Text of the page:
How to Get Better Gas Mileage No Matter What You Drive
Posted by: Lydia on 17/08/2017
The conversation surrounding fuel economy is one of the longest in car history. As soon as the first car rolled off the assembly line, car fans have been debating how to optimise performance.
This is something we in Australia have long had a particular interest in, as our vehicles were historically built and customised to deal with the hot summers and long road trips we take.
Today, technology has made our cars faster and easier to drive than ever before, but the old debate surrounding gas mileage remains. With the average Australian driving over 13,000 kilometres a year, it's also not going away anytime soon. With this in mind, here’s our list of 7 ways to get better gas mileage - no matter what you drive.
1. Go easy on the pedals
Everybody knows that one driver in the neighbourhood who likes to be a bit flashy. You know the one: they like to rev their engine hard on the way to work in the morning, rev hard when parking at night - and maybe even rev hard on Sunday morning just to ensure everything is nice and loud.
It may seem like a harmless (if annoying) habit, but this practice can really cost you in terms of fuel efficiency.
By constantly pushing your engine beyond what it requires, you can end up using extra gas.
This is fine if there is a real need now and then to turn up the power, but it adds up at the fuel pump if you’re constantly racing your car off at every light. Avoid using excess gas by accelerating slowly and driving at a steady, constant pace whenever possible.
2. Switch from power to economy mode
It might seem obvious as this is a quick and easy solution, but it’s one that many drivers may overlook. Most cars have a button that switches fuel output from its regular mode to a high-end output. Too often, this button stays on and gathers dust while the stereo and GPS get more of a workout. Flicking the switch can ultimately save you thousands of dollars overall, though.
It should be noted that the power mode in your car does have a useful purpose. If you’re driving on a cross-country trip, towing a trailer, or climbing a steep hill, power mode can be great. When doing a quick trip to the shops, though, you can keep the car in regular mode. That way your gas tank will stay fuller longer.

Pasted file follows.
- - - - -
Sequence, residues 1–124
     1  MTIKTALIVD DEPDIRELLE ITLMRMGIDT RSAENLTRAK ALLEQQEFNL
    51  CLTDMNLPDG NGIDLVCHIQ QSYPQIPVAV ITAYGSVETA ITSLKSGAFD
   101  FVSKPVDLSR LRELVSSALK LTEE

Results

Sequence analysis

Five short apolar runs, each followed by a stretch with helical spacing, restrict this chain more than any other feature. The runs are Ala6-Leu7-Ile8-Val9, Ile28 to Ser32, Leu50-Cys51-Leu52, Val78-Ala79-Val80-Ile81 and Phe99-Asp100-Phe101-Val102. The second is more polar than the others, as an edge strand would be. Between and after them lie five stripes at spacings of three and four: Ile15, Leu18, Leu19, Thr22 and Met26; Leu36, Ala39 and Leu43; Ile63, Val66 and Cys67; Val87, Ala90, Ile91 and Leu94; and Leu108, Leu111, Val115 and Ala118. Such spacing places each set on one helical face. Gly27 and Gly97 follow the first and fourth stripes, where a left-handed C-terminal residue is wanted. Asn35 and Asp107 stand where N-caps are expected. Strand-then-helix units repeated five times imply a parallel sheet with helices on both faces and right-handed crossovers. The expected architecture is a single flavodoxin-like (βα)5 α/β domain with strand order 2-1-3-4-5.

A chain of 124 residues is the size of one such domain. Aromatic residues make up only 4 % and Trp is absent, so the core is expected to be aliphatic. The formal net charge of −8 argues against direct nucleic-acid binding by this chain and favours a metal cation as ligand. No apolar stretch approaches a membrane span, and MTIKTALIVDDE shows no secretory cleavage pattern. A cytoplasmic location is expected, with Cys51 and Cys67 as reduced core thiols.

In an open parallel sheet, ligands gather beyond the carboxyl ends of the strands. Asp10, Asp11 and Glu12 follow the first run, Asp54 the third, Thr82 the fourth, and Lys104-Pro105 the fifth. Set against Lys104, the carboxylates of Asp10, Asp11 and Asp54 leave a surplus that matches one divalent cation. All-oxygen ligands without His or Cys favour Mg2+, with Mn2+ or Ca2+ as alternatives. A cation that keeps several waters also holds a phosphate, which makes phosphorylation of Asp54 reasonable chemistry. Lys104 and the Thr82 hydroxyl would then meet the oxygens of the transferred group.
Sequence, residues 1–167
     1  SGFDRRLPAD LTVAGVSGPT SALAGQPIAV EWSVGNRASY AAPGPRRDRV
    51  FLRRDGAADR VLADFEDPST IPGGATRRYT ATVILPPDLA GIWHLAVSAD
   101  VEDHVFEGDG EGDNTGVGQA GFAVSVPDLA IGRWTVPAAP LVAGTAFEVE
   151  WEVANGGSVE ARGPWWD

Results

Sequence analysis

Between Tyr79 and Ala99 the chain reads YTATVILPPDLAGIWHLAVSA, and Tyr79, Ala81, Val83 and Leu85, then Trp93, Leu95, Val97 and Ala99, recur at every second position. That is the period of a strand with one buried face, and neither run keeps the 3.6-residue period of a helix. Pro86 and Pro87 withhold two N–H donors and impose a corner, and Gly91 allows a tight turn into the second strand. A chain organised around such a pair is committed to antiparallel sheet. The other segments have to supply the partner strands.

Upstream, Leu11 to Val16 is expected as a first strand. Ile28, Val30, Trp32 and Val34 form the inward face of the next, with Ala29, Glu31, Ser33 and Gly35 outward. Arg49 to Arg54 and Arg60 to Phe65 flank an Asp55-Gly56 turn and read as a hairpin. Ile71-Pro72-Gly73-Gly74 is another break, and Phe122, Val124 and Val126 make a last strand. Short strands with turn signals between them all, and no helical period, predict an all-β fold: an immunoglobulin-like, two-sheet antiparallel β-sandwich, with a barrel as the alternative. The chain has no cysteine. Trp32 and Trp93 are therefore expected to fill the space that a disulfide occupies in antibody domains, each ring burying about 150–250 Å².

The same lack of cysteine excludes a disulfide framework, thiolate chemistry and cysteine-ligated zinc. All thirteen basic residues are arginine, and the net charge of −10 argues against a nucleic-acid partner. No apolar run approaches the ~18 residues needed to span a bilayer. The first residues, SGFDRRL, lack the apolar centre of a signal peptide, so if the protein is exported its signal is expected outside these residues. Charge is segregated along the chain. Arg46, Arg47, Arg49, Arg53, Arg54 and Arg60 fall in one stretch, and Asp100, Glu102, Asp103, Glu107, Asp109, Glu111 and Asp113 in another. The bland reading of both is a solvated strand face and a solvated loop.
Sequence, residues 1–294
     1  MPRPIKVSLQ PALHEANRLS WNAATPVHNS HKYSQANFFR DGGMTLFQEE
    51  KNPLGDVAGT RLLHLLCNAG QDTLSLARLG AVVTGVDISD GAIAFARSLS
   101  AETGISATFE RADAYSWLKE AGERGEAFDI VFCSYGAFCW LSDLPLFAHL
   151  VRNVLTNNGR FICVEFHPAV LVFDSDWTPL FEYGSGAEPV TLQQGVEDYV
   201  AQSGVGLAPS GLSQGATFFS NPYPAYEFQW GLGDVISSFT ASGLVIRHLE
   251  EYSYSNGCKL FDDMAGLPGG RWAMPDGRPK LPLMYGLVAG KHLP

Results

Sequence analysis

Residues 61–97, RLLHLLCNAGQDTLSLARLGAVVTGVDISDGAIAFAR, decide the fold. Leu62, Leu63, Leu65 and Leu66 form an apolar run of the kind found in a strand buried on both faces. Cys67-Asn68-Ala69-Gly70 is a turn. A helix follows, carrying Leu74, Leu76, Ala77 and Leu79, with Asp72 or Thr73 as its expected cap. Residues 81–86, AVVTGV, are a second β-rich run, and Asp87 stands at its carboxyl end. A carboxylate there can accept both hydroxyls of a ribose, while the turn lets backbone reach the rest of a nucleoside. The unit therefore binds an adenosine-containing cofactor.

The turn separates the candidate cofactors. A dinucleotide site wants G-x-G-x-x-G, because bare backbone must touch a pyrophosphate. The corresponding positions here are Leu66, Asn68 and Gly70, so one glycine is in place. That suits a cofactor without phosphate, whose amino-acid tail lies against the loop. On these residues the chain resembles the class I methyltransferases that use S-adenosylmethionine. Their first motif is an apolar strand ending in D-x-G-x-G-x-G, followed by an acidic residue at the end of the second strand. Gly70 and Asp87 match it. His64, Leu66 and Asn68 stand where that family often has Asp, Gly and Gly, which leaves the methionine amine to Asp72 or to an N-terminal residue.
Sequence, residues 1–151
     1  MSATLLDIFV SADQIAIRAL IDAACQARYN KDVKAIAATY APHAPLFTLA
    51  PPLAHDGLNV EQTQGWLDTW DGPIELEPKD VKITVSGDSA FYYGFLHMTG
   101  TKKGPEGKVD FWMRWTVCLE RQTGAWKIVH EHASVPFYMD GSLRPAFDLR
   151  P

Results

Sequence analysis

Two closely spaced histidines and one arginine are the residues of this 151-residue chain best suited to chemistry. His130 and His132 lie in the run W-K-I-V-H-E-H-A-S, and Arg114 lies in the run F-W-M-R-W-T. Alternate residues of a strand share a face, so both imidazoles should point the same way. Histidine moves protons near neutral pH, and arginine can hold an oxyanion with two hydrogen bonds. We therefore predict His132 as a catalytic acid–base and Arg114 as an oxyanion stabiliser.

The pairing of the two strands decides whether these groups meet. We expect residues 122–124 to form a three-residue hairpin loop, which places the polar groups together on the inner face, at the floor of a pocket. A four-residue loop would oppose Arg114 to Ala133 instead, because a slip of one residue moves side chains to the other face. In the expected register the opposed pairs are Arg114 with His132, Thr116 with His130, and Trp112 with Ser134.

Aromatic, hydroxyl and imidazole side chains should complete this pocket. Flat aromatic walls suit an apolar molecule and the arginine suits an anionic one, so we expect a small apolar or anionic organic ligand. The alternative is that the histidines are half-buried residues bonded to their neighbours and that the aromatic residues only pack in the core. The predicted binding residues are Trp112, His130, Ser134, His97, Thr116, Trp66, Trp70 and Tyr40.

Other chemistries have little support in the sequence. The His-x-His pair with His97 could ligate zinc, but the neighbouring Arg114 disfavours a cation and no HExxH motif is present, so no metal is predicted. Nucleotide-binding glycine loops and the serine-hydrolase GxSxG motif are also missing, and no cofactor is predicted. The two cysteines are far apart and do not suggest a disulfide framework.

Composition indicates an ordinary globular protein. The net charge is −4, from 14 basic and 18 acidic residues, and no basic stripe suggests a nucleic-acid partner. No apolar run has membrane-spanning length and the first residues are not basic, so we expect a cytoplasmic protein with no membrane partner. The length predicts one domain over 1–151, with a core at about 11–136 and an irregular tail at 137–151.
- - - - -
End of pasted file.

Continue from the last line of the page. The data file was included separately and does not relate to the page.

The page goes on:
3. Plan your routes when possible
Although your car’s power mode is useful for driving up a big hill, big hills can be a problem for your fuel efficiency. That’s why it's ideal to plan your routes to avoid them if possible if you’re looking to save money on gas.
To be clear, nobody is suggesting you need to be avoiding every steep incline at all costs.
If your daily drive offers a choice between the quick and direct or long and scenic, the former will always save you more money on gas, even if there are hills involved. Many people enjoy taking the scenic route home to unwind after a tough day at work, and that is totally OK. Just keep in mind when planning ahead with a GPS that a direct route will always save you the most gas overall.
4. Get the junk out of your car
We all know that feeling of coming home on a Friday night after a long week of work. There might be all sorts of junk still in the back of your car, and you have no interest in getting it out right now. That is totally fine - but it’ll really add on weight if left there for next time.
The heavier your car, the more power required to move it, and this means more gas used. While manufacturers account for this - don’t go throwing the spare tyre out of your car as you may one day need it - avoid letting gym bags, golf clubs, and other goods pile up in the boot.
5. Turn off accessories not in use
Do you just turn the radio down or switch it off? Are you still charging your phone’s battery or has it filled up? Is that low humming sound actually the air conditioner that you’ve left switched on since 2009? All this power usage can really add up over time.
While often this use of power isn’t directly linked to gas mileage - instead placing a strain on your battery - your car’s output is always reflective of its power use as a whole. Placing a strain on one component can quickly add up to placing a strain on another component.
6. Get your car serviced regularly
A good car is like a good athlete: it can always perform reasonably, but conditioning is necessary to be at its best. This means getting your car serviced regularly, as over time all sorts of nasties can build up across the tank, engine, and components to diminish performance.
In particular, look to speak directly to your mechanic about anything you’ve noticed that has slowed performance of your car since its last service. A good mechanic will give your car a tune-up regardless, but it’s hard to always spot every problem. Be sure to raise any issue you’ve noticed, as sometimes it's an easy-to-miss problem that can burn lots of excess fuel overall.
7. Use different fuels occasionally
A service will ensure your car is set to burn fuel efficiently. Changing up the type of fuel you use is another great way to ensure your car’s output remains efficient and affordable. Depending on whether or not your vehicle has a dual-fuel setup, switching between fuel types occasionally is always a good move.
If on a single-fuel setup, alternate between a regular and premium fuel now and then, to keep the pistons firing on different fluids. Finally, if you’re in the market for a new car and keen on maximising mileage, consider a hybrid vehicle to mix up your fuel and electricity use, which can save you a ton of money in the long run.